The Golden Age of Computing


Judland
#1
This weekend I got a Commodore 64 emulator going on my Linux box.

Oh, the memories just came flooding back!
http://photos10.flickr.com/17149992_a9a46efcdb_o.jpg

It's great to think back to a time when computing was a lot more fun; and was a very unique past-time.

The time of 300 baud modems and BBS sub-cultures. Seeing how much power you could squeeze out of each bit of memory a computer had back then. And the fun of trading C=64 games on 5-1/4" floppies and cassette tapes.

Them were the days!
 
missile
#2
My first comp was a 366 with 32 megs of ram..couldn't even play rhe original Doom on it! And,I blew 1500 dollars on it. DOH!
 
mrmom2
#3
My first was 300 with16 megs and it was free :P My next was this one thats only 800 but its got 512 and it only cost me 100$ I got a 1.2 and 2.0 that I'm working on know and they were 100$ a piece the 2.0 has a128 vid card in it A few more parts and it is going to take this ones place.Moral of the story is don't waste your money on the newer models wait a couple of years and you can save yourself huge bucks
 
Jay
#4
My first machine was a 486 DX2 80....16 mb 40gig HDD.


Now I run a 3.0 P4. nice box....I use a 1.6 P4 at work.
 
callum01
#5
wow! how little i know about computers
 
Canucklehead
#6
My first 'computer' was an Atari 400 complete with cassette drive, 16Kb RAM and joysticks. ( still have this puppy and used it on & off until mid 90's when MAME came out )

First PC was 8088 running at a screaming 8Hz(in Turbo mode) w/ dual 5.25" floppies and CGA graphics w/ orange monochrome monitor. (later added 10MB HDD, yes MB)

First home-built was 286/12Mhz, 16RAM, 40MB HDD, SVGA w/ paperwhite monitor.

Ugh, I'm old.

Currently running 1.8Ghz P IV, 1GB RAM, 60GB HD, 128MB Video(Radeon)
 
Jay
#7
"(in Turbo mode)"

I haven't heard that in ages....
 
Judland
#8
If your first computer had megs of RAM, then you've missed out on a lot of the fun of early computing.

My first exposure to a computer was with a Commodore PET. Our elementary school had one on loan for a week from the near-by high school.

We played tournaments of Space Invaders among the class. If I recall correctly, it had a cassette deck as well.

Maybe a year or two after that, my parents bought me my Commodore 64. Didn't even have a cassette or floppy drive at first. I remember sitting for hours in front of it, typing in a machine language program out of the manual that cam with the computer. Then, playing it for a while and having to turn it off in the end.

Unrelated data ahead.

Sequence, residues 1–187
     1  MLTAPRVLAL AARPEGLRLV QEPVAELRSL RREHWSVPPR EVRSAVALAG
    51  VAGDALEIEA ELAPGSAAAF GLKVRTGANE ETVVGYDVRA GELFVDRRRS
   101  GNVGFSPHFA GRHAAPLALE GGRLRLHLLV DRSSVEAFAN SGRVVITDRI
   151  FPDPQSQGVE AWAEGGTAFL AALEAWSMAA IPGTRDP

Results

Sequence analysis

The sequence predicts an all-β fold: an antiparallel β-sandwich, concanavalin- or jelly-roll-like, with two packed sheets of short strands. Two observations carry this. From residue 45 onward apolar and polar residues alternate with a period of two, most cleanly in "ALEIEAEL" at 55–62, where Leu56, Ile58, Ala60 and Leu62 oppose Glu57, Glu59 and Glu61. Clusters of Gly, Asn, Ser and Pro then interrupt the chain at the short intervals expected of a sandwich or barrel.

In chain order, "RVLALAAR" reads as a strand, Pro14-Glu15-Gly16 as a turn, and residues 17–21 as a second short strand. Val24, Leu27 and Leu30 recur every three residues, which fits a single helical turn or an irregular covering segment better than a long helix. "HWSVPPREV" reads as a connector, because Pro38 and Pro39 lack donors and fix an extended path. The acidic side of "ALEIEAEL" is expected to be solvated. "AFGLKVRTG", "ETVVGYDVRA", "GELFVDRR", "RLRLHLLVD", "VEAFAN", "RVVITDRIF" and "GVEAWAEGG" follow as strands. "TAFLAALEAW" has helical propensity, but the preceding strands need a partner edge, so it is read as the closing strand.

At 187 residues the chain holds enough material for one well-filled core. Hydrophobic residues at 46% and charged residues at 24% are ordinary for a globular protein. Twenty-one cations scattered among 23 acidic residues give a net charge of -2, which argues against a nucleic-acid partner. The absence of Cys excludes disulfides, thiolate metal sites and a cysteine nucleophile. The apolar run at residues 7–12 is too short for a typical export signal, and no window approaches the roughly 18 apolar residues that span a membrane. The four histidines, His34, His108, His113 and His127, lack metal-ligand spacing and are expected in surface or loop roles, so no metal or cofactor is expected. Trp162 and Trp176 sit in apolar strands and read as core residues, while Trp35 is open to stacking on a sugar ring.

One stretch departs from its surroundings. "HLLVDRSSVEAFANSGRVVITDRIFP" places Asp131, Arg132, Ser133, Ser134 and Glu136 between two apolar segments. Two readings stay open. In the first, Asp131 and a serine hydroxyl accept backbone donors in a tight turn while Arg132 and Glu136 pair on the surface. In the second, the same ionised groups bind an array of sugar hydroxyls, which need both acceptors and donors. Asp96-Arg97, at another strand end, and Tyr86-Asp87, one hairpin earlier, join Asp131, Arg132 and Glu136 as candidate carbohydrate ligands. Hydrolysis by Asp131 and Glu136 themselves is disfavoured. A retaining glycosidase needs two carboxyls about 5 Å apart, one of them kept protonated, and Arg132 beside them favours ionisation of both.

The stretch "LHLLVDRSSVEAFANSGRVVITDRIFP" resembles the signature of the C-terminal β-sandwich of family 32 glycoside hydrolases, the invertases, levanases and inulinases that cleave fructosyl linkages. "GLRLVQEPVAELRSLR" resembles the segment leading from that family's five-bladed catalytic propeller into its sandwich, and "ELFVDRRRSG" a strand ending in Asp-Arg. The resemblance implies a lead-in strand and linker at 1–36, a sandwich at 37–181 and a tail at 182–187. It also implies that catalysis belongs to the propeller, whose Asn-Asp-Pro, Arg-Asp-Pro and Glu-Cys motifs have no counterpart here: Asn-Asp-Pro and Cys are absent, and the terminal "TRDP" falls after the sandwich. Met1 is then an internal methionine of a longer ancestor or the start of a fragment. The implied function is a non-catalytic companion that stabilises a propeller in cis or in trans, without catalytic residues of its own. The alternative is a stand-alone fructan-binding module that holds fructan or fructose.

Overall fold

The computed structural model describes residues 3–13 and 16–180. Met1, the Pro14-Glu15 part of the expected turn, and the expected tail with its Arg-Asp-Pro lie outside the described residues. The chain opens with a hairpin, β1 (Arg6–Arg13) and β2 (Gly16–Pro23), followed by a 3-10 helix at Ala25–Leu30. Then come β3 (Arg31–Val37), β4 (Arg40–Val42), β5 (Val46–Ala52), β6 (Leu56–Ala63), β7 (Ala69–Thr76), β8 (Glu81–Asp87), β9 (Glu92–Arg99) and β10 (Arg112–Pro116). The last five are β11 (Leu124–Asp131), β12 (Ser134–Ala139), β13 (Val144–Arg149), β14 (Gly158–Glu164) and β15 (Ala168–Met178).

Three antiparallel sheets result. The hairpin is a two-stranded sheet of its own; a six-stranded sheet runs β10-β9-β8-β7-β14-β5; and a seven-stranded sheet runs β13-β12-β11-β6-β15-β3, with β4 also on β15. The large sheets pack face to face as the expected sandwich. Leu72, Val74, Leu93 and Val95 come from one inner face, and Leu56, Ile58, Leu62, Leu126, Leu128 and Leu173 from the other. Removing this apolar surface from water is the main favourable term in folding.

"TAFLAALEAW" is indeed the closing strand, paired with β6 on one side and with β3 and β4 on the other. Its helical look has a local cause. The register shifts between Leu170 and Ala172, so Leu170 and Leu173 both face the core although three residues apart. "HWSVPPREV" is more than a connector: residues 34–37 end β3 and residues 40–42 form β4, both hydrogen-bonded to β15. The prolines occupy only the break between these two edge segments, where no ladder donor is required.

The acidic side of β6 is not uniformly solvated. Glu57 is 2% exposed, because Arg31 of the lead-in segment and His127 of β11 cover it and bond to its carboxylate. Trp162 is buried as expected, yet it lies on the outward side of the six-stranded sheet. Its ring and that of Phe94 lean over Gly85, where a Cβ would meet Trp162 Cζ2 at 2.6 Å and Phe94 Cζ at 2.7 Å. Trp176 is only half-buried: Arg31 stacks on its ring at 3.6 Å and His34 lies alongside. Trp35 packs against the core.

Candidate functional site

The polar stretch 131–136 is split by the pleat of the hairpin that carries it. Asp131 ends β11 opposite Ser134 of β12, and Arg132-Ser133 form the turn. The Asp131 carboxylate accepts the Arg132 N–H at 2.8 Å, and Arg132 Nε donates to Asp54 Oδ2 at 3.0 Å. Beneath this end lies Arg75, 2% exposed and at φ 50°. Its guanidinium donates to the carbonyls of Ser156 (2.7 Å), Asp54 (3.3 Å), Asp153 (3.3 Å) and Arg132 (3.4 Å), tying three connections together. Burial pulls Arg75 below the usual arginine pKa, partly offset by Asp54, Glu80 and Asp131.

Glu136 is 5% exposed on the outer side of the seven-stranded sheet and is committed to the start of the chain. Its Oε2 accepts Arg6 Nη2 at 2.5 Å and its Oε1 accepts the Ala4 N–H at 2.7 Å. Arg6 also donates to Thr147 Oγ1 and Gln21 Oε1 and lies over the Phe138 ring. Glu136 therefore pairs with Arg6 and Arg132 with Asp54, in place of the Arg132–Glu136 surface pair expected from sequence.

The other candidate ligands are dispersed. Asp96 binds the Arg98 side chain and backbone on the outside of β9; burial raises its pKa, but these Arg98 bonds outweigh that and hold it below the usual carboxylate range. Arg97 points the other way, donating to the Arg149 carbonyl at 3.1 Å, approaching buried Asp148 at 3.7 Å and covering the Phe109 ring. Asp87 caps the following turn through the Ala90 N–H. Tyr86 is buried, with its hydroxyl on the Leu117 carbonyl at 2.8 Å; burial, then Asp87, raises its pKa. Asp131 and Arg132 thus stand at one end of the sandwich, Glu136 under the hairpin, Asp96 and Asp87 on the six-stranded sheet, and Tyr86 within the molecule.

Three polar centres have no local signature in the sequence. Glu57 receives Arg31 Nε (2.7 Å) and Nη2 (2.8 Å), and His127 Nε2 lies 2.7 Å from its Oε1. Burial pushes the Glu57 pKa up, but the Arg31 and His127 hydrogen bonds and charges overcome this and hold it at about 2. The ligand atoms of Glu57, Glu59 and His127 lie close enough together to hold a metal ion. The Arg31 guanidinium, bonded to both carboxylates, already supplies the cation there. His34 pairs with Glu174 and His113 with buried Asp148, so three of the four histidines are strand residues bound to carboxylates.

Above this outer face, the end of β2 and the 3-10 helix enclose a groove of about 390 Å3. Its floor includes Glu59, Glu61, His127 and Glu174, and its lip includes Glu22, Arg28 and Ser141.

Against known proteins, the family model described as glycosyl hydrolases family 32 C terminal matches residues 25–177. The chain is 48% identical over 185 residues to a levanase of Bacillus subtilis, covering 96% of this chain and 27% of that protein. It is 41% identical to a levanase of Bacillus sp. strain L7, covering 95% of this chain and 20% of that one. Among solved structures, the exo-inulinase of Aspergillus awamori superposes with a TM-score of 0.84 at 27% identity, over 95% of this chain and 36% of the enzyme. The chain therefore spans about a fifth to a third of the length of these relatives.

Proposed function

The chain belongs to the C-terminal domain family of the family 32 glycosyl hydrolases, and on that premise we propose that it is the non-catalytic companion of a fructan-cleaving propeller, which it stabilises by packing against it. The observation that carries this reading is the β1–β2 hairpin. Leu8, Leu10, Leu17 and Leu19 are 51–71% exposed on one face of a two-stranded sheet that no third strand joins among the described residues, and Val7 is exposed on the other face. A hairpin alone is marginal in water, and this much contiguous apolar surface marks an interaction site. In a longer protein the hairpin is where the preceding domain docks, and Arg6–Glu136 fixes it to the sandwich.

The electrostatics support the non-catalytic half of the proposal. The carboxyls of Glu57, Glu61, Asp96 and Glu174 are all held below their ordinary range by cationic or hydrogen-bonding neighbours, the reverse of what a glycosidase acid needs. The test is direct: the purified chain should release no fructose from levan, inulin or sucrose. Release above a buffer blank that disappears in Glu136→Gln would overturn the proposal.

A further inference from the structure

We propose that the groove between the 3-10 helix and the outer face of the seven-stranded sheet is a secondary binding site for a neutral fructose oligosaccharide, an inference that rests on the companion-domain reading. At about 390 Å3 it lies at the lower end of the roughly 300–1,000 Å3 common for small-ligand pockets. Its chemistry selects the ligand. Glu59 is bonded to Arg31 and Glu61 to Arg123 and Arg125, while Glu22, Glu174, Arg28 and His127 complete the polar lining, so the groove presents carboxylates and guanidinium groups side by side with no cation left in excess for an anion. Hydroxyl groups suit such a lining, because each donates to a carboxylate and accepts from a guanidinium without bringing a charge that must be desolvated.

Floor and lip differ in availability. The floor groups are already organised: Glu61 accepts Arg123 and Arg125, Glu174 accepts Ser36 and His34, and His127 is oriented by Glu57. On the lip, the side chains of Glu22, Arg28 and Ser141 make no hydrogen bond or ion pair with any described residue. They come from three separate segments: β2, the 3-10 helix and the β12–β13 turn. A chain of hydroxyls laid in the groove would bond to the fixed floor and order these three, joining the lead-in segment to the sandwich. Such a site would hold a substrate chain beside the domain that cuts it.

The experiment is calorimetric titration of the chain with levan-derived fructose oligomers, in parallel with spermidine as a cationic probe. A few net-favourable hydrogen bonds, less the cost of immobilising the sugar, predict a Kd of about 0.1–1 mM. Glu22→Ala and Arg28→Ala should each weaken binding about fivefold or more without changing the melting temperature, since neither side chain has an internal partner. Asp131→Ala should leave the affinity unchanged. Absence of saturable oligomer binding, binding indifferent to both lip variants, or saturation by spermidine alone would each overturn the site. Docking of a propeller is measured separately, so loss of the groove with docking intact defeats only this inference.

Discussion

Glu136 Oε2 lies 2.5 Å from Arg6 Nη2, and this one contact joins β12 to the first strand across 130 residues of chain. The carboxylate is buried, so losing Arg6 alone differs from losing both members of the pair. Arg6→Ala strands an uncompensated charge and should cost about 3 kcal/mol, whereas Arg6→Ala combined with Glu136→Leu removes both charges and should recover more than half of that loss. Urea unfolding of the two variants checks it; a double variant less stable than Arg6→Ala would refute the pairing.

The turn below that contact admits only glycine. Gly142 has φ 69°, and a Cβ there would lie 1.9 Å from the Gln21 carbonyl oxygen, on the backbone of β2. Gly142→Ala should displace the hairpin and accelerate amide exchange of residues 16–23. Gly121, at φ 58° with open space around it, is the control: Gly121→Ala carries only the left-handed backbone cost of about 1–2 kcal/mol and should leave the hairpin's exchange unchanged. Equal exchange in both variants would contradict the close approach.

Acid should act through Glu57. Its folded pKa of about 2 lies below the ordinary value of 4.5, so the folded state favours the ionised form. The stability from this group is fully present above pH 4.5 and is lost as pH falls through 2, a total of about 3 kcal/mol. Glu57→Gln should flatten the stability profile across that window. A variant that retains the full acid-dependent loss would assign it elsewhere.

Gee, I really had to think carefully as to what game I wanted to run, as it would be an hour or so after I had the code entered in before I could play it.

It was a glorious day when I finally got my 1541 floppy disk drive. Ah, the good ol' 1541. I can still hear the rat-tat-tat of the drive head as it prepared to load a file from the floppy disk.
 
mps
#9
Yup, I remember playing on my Commodore 64. Mine had a floppy drive, and all the games had the command lines written on them. I think I must have wasted half my time playing Winter Olympics, and trying to master the bobsled course. Of course, you needed a joystick for that one. Good times.

After that came a P1 133mhz, 16 mb ram, 3 gb HDD. Now it's a P4 1.4ghz, 256 mb ram, 40 gb HDD. I'm pretty apathetic when it comes to upgrading computers, so I'll wait a few more years before this one winds up on my curb.
 
no1important
#10
My first computer was a pentium 100 with 8mb of ram,1.01 gig hard drive 19,2000 modem, win 3.1 that came with I think 12-15 floppies. no cdrom but a 3.5 and 5.5 inch floppy. I do not know how I even functioned back then. Actually I do not know how I functioned running any microsoft operating systems..........
 
Knightman
#11
I was working for Radio Shack Canada when we just started to carry computers 8 kilobyte and 16 kilobyte units from tandy , monochrome (green) monitors and cassette storage drives all which sold for well over a thousand dollars. 5 1/4 inch drives were considered a luxury and we never heard of a Hard drive "whats a megabyte?". Later it was massive upgrades to dual 5 1/4's , 64 Kilobytes of memory and 8 and 16 color monitors. WOW we were rock'n, no one would ever need anything bigger than that...........
 
no1important
#12
I remember those computers with Green writing on blck from high school. I thought doing hangman was amazing at the time. But how times have changed.

I am glad hi speed came along as I could not stand all the zip files.....................
 
I think not
#13
Funny, I did a search and found a picture with my first computer.

http://obsoletecomputermuseum.org/electron/

I hope Jay doesn't see this.
 
Vanni Fucci
#14
My first computer was a Commodore 128...threw that in the trash and got a 386SX 33 Mhz with 2 MB ram...man that baby smoked...
 
Judland
#15
Quote: Originally Posted by Knightman

I was working for Radio Shack Canada when we just started to carry computers 8 kilobyte and 16 kilobyte units from tandy

Do you remember the Pocket PC Tandy used to carry? I still have mine and it still works great.



A whopping 4K of programmable RAM, and ran BASIC.

The beauty part of that was, my high school and college teachers never knew what it really was, other than calculator. So, they always allowed me to use it in tests and exams.